At the end of the month, I generate invoices for my clients using Quickbooks. I use a Mac, so when I go to print the invoices, I just print them as PDFs and save them in the Invoices folder under today’s date. I number my invoices by the year, so my next invoice will be “200703,” because it’s the third invoice I’ve created this calendar year. Generating invoices is always easier than I think it should be, and takes less than five minutes. Most of my clients accept invoices by email, so I can just send the PDF to them as an attachment, and save a stamp. I do check the PDFs before I mail them out, though. One time I wasn’t so careful, and ended up sending a PDF of my account balance summary instead! Very embarrassing.

The end of the month is also a good time to search my bank’s website for all transactions in that month, and save them as a PDF as well.

There are only a few things I keep in paper. Signed contracts, for example, get put in a special hard-copy folder in my office. Also, my taxpayer ID number is something I often need, but don’t want to keep on my computer. So it goes on a piece of paper next to my desk. Finally, I don’t scan and file anything I don’t want to keep– instead I throw it away right then!

After doing all this, I toss everything into the shredder for disposal.
By capturing everything electronically as much as possible, my desk can be cluttered with computers and cameras, pens and paper, iPods and remote controls, instead of stacks and stacks of paper and file folders.

Updated January 24: Thanks to Dawn for reminding me about the backup policy! Every month, I burn a CD of my financial papers and store it in a CD folder (I should do this daily, I’m sure). Off-site backups, as long as they’re secure, are another option. And a tip if you like Quicken: the new version of Quicken (Deluxe and Premiere) can link a transaction to a file on your hard drive. Sadly, Quickbooks doesn’t offer this.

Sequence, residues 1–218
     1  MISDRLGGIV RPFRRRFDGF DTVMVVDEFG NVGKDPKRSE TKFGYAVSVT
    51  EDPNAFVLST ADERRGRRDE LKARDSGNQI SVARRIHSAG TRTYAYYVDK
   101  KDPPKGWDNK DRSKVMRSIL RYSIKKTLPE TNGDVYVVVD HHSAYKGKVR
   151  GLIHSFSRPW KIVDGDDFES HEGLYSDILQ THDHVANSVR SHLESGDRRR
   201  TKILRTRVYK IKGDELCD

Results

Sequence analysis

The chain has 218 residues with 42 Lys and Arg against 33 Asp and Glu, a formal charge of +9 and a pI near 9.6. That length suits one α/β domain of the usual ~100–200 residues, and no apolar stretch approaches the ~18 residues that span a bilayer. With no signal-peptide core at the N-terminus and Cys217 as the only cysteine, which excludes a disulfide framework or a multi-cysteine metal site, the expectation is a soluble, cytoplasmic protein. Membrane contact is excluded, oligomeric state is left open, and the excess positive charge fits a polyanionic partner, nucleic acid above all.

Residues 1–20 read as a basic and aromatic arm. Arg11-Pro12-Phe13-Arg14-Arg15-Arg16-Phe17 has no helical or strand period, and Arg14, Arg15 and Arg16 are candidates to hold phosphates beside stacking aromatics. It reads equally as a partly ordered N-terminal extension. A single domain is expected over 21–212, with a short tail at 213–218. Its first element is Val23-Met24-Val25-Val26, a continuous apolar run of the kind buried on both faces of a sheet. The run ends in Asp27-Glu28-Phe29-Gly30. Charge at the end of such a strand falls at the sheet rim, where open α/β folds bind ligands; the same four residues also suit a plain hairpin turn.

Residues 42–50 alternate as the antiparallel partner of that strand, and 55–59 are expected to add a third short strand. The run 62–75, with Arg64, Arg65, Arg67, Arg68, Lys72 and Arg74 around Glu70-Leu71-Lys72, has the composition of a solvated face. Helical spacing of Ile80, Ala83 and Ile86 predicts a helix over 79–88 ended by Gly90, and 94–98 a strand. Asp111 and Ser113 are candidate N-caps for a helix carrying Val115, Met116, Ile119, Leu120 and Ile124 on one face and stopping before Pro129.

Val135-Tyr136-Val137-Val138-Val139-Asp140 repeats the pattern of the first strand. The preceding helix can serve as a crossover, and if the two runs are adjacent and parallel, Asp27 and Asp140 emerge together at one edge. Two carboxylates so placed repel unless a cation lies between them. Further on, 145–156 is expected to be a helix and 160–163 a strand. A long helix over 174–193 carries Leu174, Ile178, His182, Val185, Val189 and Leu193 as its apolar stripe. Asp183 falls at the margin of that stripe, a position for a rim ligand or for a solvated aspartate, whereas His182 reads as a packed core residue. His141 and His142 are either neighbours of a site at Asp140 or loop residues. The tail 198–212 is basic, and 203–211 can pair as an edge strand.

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6 thoughts on “The Paperless Home Office”

  1. I think it’s a great idea to digitize any paperwork that you can and get rid of the mounds of paper we all end up with. Hopefully, you’re backing up your info on CDs, DVDs, or portable hard drives. Otherwise, you run the risk of losing it all if your hard drive decides to quit on you. It happened to my brother several years ago when he had his own business. Luckily, he had paper copies (yeah, it was waaaaay back before portable hard drives), so he could enter the info back in to his computer when he got the drive replaced in his computer.

    Great article by the way! Would you mind if I mentioned it on my blog at http://www.findmyreceipts.com, if I provide my readers with a link back to you?

  2. Why not add Amazon S3 to your backup protocol? It’s only $0.15 per GB-Month of storage used, and $0.20 per GB of data transferred. With tools like Jungle Disk and “S3 Backup,” it’s ridiculously easy to move important data over to it as well.

    Worried about encryption? For the Windows/Linux users, there’s TrueCrypt. For OS X, there’s OpenSSL. Wrap all your financial info up into one compressed file, encrypt it, and send up to Amazon S3. Presto! Reliable, secure backup of all your files for less than $5 annually.

    Of course, Amazon could fail, too, so you might as well have the CD and/or harddrive backup, too. But isn’t

  3. Wonderful website. Plenty of helpful info here. I am sending it to a few pals ans also sharing in delicious. And obviously, thank you for your sweat!